Wasatch Cache National Forest
In partnership with: Utah Division of State Parks and Recreation, The Friends of the Utah Avalanche Center, Utah Department of Emergency Services and Homeland Security and Salt Lake County.

keeping you on top


Monday, February 19, 2007  7:30 am
Good morning, this is Drew Hardesty with the Forest Service Utah Avalanche Center with your backcountry avalanche and mountain weather advisory.  Today is Monday, February 19, 2007 and it’s 7:30 in the morning.


We’ve had another tragic avalanche fatality.  A 17 year old was killed yesterday in an out of bounds area adjacent to Snowbasin.  This makes three Utah fatalities in two days with multiple near misses and close calls.


Current Conditions:

Yesterday was the ninth day in a row with human triggered avalanches and my money is on today being the tenth.  A quick hitting storm is moving through this morning with 8-12” pretty evenly distributed across the range.  In the last couple of hours, the snow has fallen at 2”/hr and densities are less than 10%.  The winds remain moderate to strong out of the west southwest along the exposed ridgelines, but are less than 15mph in more protected areas.  After the winds shift northwesterly, they should drop off to a more reasonable 15mph.  Temps are in the low to mid-twenties. 


Snow and Avalanche Discussion:

It appears that two other skiers were caught and carried in separate incidents in the Powder Mountain backcountry and the Canyons backcountry, though details are thin at this point.  Bruce’s preliminary incident report on yesterday’s fatality can be found on our accidents page here.  


The new snow will provide yet another layer of complexity to our patchwork quilt of avalanche problems in the backcountry.  The high snowfall rates and gusty winds will lead to sensitive drifting and cracking in the new snow, with drifts of up to 18” in exposed locations.  They’ll be most pronounced along the north and east facing steep slopes and breakovers and can be mitigated by safe ski cuts and cornice drops.  The additional weight may reactivate some of the already slow-to-stabilize avalanche problems of the past few days, again, most prominent on northwest through east through southeast facing slopes.   


When very experience people are getting caught in avalanches, it should make those still on the steep learning curve take a couple of steps back.  When the avalanches are 2-4’ deep and a couple hundred feet wide, often breaking out above you, well, you do the math.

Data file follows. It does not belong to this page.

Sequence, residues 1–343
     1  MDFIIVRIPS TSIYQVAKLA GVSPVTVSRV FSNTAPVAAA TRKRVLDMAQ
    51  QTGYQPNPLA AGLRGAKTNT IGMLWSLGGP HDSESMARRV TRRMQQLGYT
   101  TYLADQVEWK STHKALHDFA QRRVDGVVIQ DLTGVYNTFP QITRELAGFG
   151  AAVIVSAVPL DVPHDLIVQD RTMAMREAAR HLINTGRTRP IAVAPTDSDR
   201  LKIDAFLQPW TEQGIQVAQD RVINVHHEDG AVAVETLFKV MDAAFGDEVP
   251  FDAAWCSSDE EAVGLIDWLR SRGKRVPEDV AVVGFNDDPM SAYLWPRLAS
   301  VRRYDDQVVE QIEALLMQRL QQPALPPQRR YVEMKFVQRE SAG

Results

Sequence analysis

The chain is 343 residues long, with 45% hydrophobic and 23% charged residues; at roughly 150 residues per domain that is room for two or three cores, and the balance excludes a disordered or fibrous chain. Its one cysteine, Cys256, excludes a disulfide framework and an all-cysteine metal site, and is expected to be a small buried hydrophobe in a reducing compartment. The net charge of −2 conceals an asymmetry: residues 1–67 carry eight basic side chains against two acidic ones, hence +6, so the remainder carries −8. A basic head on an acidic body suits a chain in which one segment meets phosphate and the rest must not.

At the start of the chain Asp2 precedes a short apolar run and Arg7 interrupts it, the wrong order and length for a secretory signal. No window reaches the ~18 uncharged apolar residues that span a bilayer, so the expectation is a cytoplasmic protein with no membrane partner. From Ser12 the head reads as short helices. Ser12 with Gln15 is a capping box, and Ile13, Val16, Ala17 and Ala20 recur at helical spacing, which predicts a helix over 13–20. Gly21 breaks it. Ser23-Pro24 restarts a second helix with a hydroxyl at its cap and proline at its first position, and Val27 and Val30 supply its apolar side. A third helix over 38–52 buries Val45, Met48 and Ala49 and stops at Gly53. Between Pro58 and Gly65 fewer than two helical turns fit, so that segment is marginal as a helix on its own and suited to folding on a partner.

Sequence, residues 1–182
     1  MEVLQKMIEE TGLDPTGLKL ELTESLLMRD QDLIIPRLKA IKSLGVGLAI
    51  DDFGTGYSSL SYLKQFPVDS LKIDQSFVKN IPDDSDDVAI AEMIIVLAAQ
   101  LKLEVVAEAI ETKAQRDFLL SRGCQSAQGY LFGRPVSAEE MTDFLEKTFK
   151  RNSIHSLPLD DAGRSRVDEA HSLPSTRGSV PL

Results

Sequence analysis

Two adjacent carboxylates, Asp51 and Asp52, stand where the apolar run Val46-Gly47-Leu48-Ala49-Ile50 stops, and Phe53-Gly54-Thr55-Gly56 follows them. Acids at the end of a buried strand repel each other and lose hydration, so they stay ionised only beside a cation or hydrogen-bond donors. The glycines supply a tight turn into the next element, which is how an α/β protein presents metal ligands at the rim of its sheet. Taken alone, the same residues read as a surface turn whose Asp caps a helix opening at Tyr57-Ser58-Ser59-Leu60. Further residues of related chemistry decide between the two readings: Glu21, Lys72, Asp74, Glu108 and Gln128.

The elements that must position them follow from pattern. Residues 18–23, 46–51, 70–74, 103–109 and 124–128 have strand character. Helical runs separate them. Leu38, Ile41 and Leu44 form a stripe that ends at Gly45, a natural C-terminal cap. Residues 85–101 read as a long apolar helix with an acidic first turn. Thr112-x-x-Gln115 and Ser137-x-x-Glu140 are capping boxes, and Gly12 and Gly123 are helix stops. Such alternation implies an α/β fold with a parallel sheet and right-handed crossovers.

Bottom Line for the Salt Lake, Park City, Provo and Ogden area mountains: 

The avalanche danger is CONSIDERABLE on any slope over 35 degrees with fresh wind drifts.  Shallow naturals are likely with the high snowfall rates and human triggered avalanches will be probable with this kind of sensitivity.  The complexity, poor structure, and size, and additional load will keep the danger CONSIDERABLE for human triggered large avalanches into older snow on northwest through east through southeast facing slopes. 


Mountain Weather: 

Northwesterly flow-favored areas like the Cottonwoods may pick up another 3-5” this morning while outlying areas may pick up another couple before turning showery by later morning.  The northwesterly winds should be less than 20mph up high as temps drop to the mid-teens at 10,000’, and the low twenties at 8000’.  The weather will improve through the early part of the week with a couple of colder storms for late Thursday and the weekend.



Yesterday, the Wasatch Powderbird Guides didn’t get out yesterday and are unlikely to fly today.  With questions regarding their areas of operation call 742-2800.

The Banff Mountain Film Festival will be held at Kingsbury Hall next Tuesday and Wednesday, February 20 & 21st.  Tickets are $7.50 per show and available at Kingsbury Hall, Art-Tix, the Salt Lake and Sandy REI stores, and the Outdoor Recreation Program at the U of U.  Shows start at 7pm each night.  (CLICK FOR DETAILS)


Listen to the advisory.  Try our new streaming audio or podcasts

UDOT highway avalanche control work info can be found HERE or by calling (801) 975-4838.

Our statewide tollfree line is 1-888-999-4019 (early morning, option 8).

For a list of avalanche classes, click HERE
For our classic text advisory click HERE.
To sign up for automated e-mails of our graphical advisory click HERE

We appreciate all the great snowpack and avalanche observations we’ve been getting, so keep leaving us messages at (801) 524-5304 or 1-800-662-4140, or email us at [email protected]. (Fax 801-524-6301)

The information in this advisory is from the U.S. Forest Service, which is solely responsible for its content.  This advisory describes general avalanche conditions and local variations always occur.

Brett Kobernik will
update this advisory by 7:30 on Tuesday morning, and thanks for calling.